Alexander: Ducks’ identity is still a work in progress

ANAHEIM — Earlier Friday, the talk was about the type of team the Ducks had become and the identity they were forging, and coach Randy Carlyle’s description could easily be adapted as a marketing slogan.

“Blue-collar hockey,” Carlyle said after their morning skate. “Good defensively, effective on our breakouts, win the special teams battle, create a strong forecheck, don’t play trade-chance hockey. Very simple.”

But this is still a work in progress. The Ducks, who had won five straight games and hadn’t given up a third-period goal in six, gave up two in the first three minutes of the third period — one of them by Justin Williams, — and another into an empty net, as that winning streak vanished with a stinker of a performance in a 4-1 loss to Carolina.

(For the record: Williams was known as Mr. Game 7 as a King. Friday was Carolina’s 28th game. Seven times four equals … oh, never mind.)

And … yes, you knew this postgame reference was coming.

“We didn’t play anywhere near the blue collar type game that was required,” Carlyle said. “It was one of those games where nothing we seemed to try to do had a positive effect. It was all frustration and lack of ability to execute. They were faster, quicker and executed at a higher rate than we did.”

The Ducks had climbed out of a deep chasm with seven victories in eight games before Friday night. They do not want that identity they are forging to include a habit of careening from winning streaks to losing streaks, after starting out 5-1-1 and then going 0-5-2.

“You can’t snowball, not in this league,” said defenseman Josh Manson. “We’ve taken good strides here to make up for the lapses we had at the beginning of the season. We fought and clawed our way back here. Now it’s a matter of staying on top.

“You have to bury teams below you, and that’s (by) creating separation and winning games … You can’t be winning two and losing three. That’s not the way to do it.”

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True progress will be measured by how much the Ducks learned from Friday night, and how they come out Sunday evening against New Jersey.

Their style of play had changed after their rough patch. After “trying to play fast without the puck,” as Carlyle put it, they realized that aggressiveness without puck possession doesn’t work.

“I think that’s the biggest transition, (that) and getting an understanding that we cannot trade chances,” he said in the morning. “We can’t give up 15 to 20 scoring chances in a game. You can’t win that way.”

Anaheim was giving up a ton of shots and a ton of chances earlier in the season, allowing an average of 38.8 shots on goal through 13 games, including nights of 51 and 49 shots that could have prompted goalies John Gibson and Ryan Miller to sue for nonsupport.

In the most recent eight before Friday, they allowed 32.6 per game. Gibson faced 36 from the Hurricanes and kept the Ducks in the game with some big saves in the first period, which only served to paper over the cracks that were already showing.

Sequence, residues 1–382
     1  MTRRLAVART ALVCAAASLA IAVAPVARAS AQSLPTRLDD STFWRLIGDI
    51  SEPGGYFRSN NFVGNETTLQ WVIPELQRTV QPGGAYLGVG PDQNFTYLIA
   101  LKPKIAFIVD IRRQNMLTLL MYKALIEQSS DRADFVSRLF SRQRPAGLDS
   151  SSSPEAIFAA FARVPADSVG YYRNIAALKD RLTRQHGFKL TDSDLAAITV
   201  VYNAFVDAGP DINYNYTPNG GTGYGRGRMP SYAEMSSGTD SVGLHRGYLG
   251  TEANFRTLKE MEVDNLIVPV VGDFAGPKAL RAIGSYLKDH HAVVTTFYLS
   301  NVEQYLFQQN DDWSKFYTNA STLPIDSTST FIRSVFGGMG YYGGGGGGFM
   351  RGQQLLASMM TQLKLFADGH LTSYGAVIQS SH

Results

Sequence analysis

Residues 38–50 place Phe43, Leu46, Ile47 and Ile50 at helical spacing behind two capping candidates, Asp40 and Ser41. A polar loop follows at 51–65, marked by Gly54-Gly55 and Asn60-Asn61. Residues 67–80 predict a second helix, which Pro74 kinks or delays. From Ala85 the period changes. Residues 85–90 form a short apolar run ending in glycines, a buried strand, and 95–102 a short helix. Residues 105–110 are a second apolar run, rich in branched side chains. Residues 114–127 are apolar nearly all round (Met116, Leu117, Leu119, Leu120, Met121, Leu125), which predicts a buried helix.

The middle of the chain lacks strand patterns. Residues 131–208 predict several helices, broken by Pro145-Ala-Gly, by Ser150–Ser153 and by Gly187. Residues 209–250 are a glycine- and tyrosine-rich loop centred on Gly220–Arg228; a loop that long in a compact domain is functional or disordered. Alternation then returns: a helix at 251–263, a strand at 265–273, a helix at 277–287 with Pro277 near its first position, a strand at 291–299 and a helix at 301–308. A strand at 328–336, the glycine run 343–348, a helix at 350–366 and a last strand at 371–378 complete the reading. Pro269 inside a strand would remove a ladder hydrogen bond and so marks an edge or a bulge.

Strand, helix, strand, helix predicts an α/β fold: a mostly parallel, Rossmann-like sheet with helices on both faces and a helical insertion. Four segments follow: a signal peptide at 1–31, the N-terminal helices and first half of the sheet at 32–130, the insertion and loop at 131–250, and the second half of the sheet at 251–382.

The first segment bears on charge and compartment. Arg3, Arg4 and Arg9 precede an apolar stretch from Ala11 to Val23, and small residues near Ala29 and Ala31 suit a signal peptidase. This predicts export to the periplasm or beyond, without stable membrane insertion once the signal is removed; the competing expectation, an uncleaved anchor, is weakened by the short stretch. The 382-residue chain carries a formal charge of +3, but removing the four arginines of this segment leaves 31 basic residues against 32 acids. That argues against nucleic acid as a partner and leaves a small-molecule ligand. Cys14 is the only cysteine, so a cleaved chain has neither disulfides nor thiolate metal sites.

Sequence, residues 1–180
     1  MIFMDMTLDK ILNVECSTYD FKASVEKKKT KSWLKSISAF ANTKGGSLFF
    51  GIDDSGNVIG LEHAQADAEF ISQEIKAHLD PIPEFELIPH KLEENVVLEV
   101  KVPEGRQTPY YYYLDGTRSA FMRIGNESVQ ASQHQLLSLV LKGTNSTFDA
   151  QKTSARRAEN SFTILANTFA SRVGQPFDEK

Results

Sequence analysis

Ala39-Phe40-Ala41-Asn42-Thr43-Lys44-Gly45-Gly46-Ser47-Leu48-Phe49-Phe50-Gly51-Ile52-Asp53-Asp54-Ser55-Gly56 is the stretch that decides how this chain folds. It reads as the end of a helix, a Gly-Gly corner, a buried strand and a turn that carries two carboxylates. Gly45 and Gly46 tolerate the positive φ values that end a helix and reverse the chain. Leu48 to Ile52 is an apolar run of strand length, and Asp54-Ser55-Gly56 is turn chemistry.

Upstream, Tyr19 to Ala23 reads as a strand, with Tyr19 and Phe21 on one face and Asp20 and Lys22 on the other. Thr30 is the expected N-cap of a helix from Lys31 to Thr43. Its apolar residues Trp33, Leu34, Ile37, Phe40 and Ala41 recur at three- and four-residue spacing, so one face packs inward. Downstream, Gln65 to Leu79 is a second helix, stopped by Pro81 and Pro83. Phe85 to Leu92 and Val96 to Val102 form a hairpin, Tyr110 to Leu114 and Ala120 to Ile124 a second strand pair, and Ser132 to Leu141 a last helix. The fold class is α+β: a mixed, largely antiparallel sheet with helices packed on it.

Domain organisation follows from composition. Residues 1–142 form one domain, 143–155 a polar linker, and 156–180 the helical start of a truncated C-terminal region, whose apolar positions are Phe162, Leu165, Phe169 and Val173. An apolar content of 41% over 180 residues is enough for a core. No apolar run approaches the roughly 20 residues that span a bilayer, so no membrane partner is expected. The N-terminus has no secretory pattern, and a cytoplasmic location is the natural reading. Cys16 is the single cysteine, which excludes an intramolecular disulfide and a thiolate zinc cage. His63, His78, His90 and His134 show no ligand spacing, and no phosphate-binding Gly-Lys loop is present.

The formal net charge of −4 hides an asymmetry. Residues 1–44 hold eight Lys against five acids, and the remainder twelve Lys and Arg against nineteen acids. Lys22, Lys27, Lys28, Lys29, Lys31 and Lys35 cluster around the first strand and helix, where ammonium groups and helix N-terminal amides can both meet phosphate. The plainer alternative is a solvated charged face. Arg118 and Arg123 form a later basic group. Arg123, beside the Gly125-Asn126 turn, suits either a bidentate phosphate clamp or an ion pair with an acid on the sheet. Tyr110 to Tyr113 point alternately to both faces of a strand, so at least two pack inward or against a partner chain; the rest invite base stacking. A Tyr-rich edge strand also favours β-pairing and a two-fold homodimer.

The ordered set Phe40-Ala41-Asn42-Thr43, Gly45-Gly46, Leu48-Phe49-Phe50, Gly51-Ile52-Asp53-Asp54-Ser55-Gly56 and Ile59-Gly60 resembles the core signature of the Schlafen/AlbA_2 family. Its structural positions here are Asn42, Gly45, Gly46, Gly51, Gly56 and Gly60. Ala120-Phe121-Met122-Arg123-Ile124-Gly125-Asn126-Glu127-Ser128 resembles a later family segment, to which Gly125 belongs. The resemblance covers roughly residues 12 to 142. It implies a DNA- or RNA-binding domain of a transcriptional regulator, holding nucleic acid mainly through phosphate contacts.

“I don’t think our first 20 (minutes) were that good, either,” said Jakob Silfverberg, whose shorthanded goal in the first gave the Ducks a 1-0 lead and was his 100th career NHL goal.

“We still kind of felt we had another gear we had to put it into if we wanted to come out with two points. But then our last 40 were definitely not the way we wanted to play. We were playing slow and playing sloppy with the puck, not connecting with passes, throwing the puck into areas and hoping it’s gonna hit one of our guys.”

A team’s identity can be a funny thing. Sometimes it’s obvious, such as with the Ducks’ 2007 Stanley Cup championship squad. If you didn’t figure out what they stood for shortly after they took the ice, GM Brian Burke was happy to remind you every time he uttered the word “truculence.”

(Given that Ryan Getzlaf released his frustrations with a fight right after Sebastian Aho’s empty-net goal at 18:46, maybe he was having flashbacks to those days of yore.)

But sometimes identity is elusive. Other times it just takes time to form.

“It’s the same as lines,” center Adam Henrique said. “Sometimes you get that chemistry where it just clicks, sometimes it takes a bit and then you have to (figure it out) the more you play together.

“You really want to be dialed in around that 20-game mark, because you know you can put yourself in or out (of contention) early. You know you’re going to have good nights, you’re going to have off nights. And so it does take some time … especially if you’re going through a whole new system, that sort of thing.”

In establishing that consistency of approach, it occasionally helps to simplify things. Henrique, speaking after the morning skate, talked of a point when “we had a few meetings where you limit the gray areas. It’s black and white. And ever since then our game has been coming together; it’s been heading in the right direction.”

But lessons often need to be reinforced. Assume Carlyle will be doing just that at Saturday’s practice.

“We can’t change what happened tonight,” he said. “But we can sure make an imprint on what’s going to happen Sunday when we hit the ice.”

Translation: Fellas, bring your hard hats.

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